In a recent trip to Sydney, I checked out Sydney Interactive Theatre. It was advertised as an “interactive adventure” where your quest is to connect some guy and some lady who were in hiding, etc. The group of people who took in the experience with me numbered six. A man in a fedora and 1930s-era clothing gave us a hint we were instructed to remember: “The Naked Lady in the Portrait Sees All”. I got a sense that the others in my group hadn’t played many video games or had experience with tabletop roleplaying. I was the youngest, and everyone else was in their 30s or 40s, so this was not too unusual. The “quest” was spread over about 3 hours. The structure of each section was as follows: we got hints to meet someone (an actor!) in a specific place and they would require us to complete a challenge before sending us to another specific place, with another actor. In one case, we had to beat the character in a ring toss game. In another, we had to “negotiate” to get a hostage’s release. Since the plot was linear, we had to beat these challenges before moving on, but there was no way we would fail a challenge – we would simply try it until we won, or the NPC lowered the difficulty enough for us to pass. One NPC we encountered was a homeless man in a park, who was obviously very into his role, acting-wise. However, like the player jerks we are, we just kept pestering him for the next hint on our quest. We had gotten the hang of things at this point, and knew that the only purpose of these NPCs was to give us hints, so we saw them as little more than people with checkboxes for faces.
The session was broken up so that hints led us into pubs a couple times, with pre-ordered food and drinks. I don’t want to be mean about it, but it looks like this is where most of the ticket price went to.
Most interactions with NPCs were very obvious and straightforward – we approached them, knowing from a distance that they were part of the game, and our interaction ending after we’d gotten the information we knew that we needed out of them. My favourite NPC interactions were vaguer. For the first 15 minutes, we had an NPC follow us from a distance. The session started in a city centre, and his 1930s-era get-up clearly stood out. In another case, we were on a way to check out a hotel room containing evidence and someone with a map asked us for directions. All of us innocently assumed this was a tourist, but they quickly got us to duck down an alley and led us to safety. I really enjoyed these interactions, as their mild intrusions out of the fourth wall made us stop looking at the NPCs as sources of quests, and made our reactions more genuine. At the last location, which was yet another pub, there was a table full of Caucasian dudes dressed like Middle Eastern princes. We serruptitiously asked if they were “part of the game” and they responded with confusion. Despite the awkwardness of this interaction, this is the kind of reality-bending gameplay that I want!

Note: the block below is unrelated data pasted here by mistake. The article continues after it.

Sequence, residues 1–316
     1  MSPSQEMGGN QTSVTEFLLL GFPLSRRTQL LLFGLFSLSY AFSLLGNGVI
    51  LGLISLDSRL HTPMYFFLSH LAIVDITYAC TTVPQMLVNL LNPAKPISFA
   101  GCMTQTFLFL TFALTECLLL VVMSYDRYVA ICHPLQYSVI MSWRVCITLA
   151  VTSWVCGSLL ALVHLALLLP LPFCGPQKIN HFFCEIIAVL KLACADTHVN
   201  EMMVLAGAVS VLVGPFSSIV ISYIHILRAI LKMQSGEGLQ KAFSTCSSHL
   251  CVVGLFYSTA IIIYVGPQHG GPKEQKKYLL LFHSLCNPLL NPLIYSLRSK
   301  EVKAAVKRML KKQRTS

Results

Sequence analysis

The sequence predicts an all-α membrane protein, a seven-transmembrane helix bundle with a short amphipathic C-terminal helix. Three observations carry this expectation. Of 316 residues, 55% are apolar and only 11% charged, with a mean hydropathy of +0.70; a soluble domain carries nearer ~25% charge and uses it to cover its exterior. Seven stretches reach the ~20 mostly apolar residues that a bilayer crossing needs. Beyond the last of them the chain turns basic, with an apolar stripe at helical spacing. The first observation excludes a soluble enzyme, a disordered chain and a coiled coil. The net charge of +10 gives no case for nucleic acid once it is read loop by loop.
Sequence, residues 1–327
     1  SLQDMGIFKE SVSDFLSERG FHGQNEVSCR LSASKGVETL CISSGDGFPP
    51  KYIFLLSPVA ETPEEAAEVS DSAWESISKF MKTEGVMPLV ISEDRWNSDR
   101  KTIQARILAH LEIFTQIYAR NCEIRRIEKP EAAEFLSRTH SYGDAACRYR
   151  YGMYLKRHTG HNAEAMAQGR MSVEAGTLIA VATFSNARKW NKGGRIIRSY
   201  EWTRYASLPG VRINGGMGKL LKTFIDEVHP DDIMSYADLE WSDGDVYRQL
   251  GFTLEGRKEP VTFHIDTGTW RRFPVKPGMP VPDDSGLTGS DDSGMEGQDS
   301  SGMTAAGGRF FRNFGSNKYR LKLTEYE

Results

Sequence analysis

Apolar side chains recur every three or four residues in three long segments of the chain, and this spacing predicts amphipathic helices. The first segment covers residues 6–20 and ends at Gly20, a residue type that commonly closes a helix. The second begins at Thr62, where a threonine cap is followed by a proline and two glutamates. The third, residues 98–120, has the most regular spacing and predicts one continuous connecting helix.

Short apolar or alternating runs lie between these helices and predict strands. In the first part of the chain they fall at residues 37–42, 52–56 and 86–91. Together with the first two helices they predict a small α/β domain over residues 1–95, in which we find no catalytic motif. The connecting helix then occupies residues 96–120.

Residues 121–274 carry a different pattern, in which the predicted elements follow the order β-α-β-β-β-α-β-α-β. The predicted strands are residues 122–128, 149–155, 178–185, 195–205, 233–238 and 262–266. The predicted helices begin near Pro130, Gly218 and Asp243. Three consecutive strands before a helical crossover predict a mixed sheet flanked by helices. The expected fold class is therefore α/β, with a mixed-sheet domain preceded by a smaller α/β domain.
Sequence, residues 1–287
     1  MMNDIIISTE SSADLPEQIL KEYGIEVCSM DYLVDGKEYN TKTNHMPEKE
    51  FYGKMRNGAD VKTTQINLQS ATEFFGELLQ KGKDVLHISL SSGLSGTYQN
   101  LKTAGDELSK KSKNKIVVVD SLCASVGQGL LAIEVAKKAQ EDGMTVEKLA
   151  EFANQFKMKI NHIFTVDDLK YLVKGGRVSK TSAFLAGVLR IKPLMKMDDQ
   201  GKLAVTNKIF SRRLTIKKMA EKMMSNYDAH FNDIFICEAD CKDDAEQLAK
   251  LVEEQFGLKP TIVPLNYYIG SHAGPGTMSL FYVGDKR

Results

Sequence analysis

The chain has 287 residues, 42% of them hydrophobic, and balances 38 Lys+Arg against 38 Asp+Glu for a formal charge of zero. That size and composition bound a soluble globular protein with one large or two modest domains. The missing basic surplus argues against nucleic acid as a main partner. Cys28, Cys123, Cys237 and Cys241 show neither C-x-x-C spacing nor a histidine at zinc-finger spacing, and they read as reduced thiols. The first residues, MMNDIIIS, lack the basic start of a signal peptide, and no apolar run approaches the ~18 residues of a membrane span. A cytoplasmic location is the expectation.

I, like, am aware that I’m a pretty demanding audience member. When talking to the other people in the session, I found out that Amazing Race-like weekend sessions are pretty popular in Sydney for those with spare money and time. It might be fair to call these scavenger hunts rather than theatrical experiences. In fact, I suspect where Sydney Interactive Theatre positions itself on the market itself as something like “You’ve heard about all these scavenger hunts, right? Well, we’re one of those, but with actors!”
The game ended with a negotation and a hostage situation scene with a gun. There was no physical altercation with the players, but the players just had to distract the gun-bearer so he could get over-powered by another NPC. By this time, we’re so confident in our inevitable success that there was no real threat, and the villian was an impotent moustache-twiddler. The players repeatedly shouted out possible solutions until we hit the right one.